This post, by author and screenwriter Marshall Thornton, originally appeared on his blog on 2/7/09.
I’ve come to believe that there are no such thing as bad ideas. Yes, Tom Green did make a movie called Freddy Got Fingered and that was a bad idea. But, Tom Green in himself is not necessarily a bad idea. Nor is a story of a young man who falsely accuses his father of sexually molesting his younger brother a bad idea. It’s only by putting them together that you come up with something that didn’t make a lot of sense.
And that’s the thing that writers have to remember. Your ideas need to belong together. You can’t just string a bunch of good ideas together and expect the whole thing to be great.
Each idea, each part of your story, has to have an organic and, hopefully, thematic connection to the rest. By organic I mean that the ideas have to arise out of your main character – they have to be things he or she would actually do. If your main character is an unrepentant liar, they can tell the truth – at the very end of your story. They can’t lie one minute and tell the truth the next. Even if it seems like a good idea on a scene by scene basis.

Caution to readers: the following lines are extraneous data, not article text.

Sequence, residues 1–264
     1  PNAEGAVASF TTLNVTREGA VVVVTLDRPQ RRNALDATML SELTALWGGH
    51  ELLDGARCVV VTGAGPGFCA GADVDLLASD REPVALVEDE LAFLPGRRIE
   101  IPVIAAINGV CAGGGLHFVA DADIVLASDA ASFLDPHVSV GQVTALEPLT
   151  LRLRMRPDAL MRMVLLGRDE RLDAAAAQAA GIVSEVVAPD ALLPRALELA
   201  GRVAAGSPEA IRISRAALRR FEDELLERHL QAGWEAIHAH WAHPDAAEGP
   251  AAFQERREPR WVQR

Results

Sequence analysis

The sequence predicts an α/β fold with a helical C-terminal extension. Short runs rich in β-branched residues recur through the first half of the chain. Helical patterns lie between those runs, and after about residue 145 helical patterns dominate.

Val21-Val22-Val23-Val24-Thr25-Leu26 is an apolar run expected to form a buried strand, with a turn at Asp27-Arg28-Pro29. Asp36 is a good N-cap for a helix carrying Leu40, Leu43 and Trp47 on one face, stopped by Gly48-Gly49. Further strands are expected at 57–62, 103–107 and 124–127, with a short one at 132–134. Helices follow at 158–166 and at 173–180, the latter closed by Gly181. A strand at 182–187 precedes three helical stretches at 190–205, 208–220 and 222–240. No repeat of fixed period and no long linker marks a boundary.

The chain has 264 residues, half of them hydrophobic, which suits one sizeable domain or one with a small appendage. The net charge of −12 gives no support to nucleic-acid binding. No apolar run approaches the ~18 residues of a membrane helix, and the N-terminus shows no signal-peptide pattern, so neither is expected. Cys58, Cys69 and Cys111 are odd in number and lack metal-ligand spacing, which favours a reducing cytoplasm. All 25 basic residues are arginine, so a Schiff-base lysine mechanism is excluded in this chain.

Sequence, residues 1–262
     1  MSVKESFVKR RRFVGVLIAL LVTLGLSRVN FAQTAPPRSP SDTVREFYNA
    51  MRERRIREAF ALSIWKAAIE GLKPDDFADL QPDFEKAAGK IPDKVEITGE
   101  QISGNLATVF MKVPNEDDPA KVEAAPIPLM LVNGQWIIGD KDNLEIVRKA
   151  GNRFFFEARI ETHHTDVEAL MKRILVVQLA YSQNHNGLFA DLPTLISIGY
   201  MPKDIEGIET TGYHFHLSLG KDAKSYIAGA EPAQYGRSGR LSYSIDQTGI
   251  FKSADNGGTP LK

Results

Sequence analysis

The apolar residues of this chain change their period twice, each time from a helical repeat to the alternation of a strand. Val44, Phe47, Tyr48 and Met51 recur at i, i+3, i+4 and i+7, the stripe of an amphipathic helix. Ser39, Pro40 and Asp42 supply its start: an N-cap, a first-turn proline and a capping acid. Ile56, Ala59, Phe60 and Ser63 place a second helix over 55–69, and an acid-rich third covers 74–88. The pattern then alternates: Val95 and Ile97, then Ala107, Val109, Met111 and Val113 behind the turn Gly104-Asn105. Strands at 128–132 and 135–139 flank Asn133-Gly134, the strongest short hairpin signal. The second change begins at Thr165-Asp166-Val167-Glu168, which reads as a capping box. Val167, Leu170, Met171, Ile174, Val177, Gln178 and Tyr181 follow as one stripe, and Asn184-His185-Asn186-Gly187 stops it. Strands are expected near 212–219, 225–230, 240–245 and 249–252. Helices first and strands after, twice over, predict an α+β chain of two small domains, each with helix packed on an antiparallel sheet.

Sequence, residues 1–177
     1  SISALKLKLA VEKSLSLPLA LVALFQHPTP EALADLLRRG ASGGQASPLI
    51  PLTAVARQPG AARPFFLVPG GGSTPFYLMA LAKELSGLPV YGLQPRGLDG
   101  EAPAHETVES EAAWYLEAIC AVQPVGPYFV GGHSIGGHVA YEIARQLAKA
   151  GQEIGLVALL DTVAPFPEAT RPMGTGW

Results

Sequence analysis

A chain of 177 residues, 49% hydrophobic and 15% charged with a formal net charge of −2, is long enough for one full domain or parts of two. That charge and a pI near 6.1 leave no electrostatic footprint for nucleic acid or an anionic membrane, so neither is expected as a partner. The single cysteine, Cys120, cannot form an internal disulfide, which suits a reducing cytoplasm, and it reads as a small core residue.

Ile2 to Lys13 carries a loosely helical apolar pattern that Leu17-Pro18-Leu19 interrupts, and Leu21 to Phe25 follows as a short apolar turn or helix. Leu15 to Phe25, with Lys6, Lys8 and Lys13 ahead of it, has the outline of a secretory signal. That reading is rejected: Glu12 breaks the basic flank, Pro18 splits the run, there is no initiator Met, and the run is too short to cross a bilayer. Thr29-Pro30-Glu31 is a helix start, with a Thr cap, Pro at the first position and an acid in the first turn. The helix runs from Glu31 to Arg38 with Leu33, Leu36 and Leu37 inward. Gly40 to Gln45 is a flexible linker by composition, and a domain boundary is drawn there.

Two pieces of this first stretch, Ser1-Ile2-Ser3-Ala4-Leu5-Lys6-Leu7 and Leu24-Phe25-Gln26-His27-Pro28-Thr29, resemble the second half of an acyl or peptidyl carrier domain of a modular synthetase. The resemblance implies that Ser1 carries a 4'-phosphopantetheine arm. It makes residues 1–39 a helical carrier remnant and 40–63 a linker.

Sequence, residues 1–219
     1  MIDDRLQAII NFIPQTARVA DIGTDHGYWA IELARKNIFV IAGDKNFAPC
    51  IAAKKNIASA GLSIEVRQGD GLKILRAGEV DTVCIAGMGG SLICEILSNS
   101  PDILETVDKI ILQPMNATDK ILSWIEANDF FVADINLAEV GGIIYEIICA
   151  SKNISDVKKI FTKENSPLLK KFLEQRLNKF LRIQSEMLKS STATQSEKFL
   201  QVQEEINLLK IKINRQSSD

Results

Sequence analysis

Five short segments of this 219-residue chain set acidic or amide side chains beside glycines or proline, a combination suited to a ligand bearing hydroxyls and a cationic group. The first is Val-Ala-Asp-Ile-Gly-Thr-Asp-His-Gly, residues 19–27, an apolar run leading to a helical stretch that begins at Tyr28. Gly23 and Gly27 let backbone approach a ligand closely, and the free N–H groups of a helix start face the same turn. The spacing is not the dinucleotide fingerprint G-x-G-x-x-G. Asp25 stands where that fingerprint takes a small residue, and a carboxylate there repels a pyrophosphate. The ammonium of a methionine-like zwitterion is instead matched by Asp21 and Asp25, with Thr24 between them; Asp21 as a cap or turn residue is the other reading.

The same goes for theme. Your theme can’t be, say, the elusive nature of truth at one point and then abruptly shift over to the damage dishonesty does to relationships. Keeping your theme on track is particularly difficult in longer forms, like a novel. But when it comes to theme it is important to stick to one idea.
Read more of Marshall’s blog posts, and learn more about his work as an author and screenwriter, here.